Book design tips for running heads

Running heads

Striving for more beautiful self-published books, here are some book design tips focused on running heads (the headings appearing at the top of pages). Running heads serve as signposts for readers and may include the page number, book title, chapter title, section title, etc. When this information is at the bottom of a page, it’s referred to as running feet.
  1. Running heads/feet are not to be used on display pages like the pages in the front of a book: half title, title, copyright, dedication, and epigraph. None on part title pages, either.
  2. There should be no running heads on chapter opening pages. If a book is displaying the page number in the running head, the page number is to be moved to the bottom of the chapter opening page or omitted. (I think it’s most helpful to move it to the bottom.)
  3. Elements in the front of a book (front matter) that are more than a page usually have running heads after the opening page. It is standard practice (see The Chicago Manual of Style) that these are the same on the left as on the right. For example in the Preface, the left-hand page would have a running head of Preface and the right-hand page would be Preface, too.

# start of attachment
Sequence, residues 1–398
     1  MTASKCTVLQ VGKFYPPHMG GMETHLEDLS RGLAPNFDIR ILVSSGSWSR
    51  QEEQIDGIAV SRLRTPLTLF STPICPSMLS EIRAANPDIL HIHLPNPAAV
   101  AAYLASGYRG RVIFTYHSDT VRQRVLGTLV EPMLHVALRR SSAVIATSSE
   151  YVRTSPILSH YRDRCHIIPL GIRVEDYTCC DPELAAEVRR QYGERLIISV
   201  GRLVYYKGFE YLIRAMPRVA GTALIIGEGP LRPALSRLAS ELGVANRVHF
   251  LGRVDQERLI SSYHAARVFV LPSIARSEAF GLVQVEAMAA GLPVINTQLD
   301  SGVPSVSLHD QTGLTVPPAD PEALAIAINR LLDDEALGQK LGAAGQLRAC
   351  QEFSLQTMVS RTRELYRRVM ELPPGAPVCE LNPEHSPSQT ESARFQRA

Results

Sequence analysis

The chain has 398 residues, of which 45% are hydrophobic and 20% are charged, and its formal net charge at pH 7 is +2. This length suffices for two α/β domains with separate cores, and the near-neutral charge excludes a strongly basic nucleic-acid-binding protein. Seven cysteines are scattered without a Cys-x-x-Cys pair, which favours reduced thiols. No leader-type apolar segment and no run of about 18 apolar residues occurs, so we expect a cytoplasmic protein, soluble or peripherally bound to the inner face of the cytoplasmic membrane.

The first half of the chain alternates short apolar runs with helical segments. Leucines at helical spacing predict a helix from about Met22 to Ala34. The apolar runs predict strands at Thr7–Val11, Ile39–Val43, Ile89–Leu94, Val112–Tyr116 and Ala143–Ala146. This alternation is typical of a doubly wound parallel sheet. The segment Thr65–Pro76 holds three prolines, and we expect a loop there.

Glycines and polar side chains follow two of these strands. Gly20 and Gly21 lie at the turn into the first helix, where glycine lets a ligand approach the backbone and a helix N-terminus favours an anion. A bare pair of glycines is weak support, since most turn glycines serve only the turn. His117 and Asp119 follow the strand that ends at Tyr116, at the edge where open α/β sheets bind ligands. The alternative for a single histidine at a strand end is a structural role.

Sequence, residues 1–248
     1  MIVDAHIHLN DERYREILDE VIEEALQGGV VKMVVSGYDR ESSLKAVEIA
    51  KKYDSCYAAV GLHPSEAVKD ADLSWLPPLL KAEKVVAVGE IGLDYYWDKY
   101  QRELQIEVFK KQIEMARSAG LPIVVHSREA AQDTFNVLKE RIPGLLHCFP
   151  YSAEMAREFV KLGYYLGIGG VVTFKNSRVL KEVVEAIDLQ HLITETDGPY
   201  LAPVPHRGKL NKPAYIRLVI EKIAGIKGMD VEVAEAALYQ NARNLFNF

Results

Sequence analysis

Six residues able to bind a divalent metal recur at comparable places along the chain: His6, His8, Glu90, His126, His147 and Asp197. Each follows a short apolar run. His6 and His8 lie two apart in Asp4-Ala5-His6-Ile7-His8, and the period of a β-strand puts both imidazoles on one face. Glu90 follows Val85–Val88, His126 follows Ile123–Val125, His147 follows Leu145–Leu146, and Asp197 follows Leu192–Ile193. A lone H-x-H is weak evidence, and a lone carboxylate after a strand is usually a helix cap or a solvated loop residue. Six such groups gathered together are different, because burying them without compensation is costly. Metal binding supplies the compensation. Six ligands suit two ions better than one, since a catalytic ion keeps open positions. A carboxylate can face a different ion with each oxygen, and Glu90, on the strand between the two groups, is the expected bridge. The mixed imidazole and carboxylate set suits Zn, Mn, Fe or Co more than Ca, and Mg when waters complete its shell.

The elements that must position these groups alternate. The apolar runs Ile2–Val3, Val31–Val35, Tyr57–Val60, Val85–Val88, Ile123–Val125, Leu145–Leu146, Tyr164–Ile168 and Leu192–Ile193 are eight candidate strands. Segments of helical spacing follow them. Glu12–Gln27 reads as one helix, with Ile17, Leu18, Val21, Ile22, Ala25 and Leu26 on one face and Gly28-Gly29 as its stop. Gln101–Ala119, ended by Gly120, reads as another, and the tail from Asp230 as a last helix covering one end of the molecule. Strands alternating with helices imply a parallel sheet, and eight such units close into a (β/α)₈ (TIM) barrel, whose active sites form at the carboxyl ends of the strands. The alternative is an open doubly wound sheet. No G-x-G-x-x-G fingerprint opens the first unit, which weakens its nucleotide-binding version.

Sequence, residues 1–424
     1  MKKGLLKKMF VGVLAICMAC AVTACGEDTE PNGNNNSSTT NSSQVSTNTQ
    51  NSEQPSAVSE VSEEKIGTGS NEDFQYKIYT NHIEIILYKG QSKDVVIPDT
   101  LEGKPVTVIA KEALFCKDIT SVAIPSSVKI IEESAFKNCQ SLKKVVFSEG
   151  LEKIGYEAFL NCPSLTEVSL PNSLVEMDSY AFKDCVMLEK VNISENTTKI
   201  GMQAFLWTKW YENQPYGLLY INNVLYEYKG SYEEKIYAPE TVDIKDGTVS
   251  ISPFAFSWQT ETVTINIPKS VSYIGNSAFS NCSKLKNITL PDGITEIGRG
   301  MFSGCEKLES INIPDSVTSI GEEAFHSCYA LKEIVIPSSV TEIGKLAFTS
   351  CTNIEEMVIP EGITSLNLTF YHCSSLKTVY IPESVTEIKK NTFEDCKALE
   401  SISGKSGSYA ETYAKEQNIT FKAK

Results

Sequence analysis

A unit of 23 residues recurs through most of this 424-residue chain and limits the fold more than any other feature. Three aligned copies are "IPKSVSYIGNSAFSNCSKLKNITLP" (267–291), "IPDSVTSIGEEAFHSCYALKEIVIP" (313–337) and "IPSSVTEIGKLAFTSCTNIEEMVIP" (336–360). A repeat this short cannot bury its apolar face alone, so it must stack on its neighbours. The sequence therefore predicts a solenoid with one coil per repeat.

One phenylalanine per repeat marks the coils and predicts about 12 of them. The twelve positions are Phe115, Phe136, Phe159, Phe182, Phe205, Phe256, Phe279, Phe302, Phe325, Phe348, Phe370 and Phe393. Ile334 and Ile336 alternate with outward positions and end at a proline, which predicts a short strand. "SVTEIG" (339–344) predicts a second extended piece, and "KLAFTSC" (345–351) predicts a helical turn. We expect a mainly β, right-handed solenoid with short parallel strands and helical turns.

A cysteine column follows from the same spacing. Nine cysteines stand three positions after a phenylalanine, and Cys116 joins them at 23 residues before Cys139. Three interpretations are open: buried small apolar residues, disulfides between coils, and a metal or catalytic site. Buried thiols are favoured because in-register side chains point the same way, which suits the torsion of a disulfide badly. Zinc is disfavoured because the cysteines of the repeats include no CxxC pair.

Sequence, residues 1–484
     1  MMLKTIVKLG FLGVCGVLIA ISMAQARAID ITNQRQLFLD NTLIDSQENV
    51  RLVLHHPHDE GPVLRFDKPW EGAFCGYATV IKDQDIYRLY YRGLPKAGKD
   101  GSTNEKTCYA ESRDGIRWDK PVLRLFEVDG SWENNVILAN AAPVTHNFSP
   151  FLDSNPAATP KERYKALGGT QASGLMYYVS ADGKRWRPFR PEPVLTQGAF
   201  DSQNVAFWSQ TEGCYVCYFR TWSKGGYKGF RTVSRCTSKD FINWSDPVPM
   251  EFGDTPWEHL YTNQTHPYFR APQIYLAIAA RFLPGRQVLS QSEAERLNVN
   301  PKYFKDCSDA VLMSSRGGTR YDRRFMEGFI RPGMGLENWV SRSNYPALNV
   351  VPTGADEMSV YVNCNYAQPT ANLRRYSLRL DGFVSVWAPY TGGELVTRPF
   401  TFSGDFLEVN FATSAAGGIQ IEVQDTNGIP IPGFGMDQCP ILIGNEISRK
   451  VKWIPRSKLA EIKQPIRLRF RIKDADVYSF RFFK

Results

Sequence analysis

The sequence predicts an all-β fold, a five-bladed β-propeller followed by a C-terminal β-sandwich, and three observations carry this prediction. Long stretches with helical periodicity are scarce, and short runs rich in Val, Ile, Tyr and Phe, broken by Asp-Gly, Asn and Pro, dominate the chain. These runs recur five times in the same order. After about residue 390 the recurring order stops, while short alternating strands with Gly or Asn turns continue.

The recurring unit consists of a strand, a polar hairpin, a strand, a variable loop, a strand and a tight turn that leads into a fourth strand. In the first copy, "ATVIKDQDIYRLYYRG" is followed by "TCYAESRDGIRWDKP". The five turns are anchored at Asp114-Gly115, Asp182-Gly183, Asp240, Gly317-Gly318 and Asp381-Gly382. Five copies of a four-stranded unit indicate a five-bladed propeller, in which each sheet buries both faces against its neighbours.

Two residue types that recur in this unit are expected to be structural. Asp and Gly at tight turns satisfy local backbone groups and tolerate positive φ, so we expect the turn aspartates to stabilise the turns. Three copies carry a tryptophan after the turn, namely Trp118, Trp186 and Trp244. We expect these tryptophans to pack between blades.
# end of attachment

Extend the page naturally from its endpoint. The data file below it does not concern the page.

4. Running heads/feet should not be used on pages containing only an illustration, picture, or a table.
  5. For how to handle running heads on the pages in the back of a book (back matter), one should consult The Chicago Manual of Style or hire me to design your book [smiley face].
(Click here and scroll down to the “Book Design Tips” heading if you missed my first installment.)

Help for Independent Presses

Book Design and Production

Have you written a nonfiction or fiction manuscript? After it has been professionally edited, I can design the interior pages and cover, plus guide you through the maze of book publishing and printing. To get started, call me at 503-690-2438 to discuss your project and my helpful guide for authors.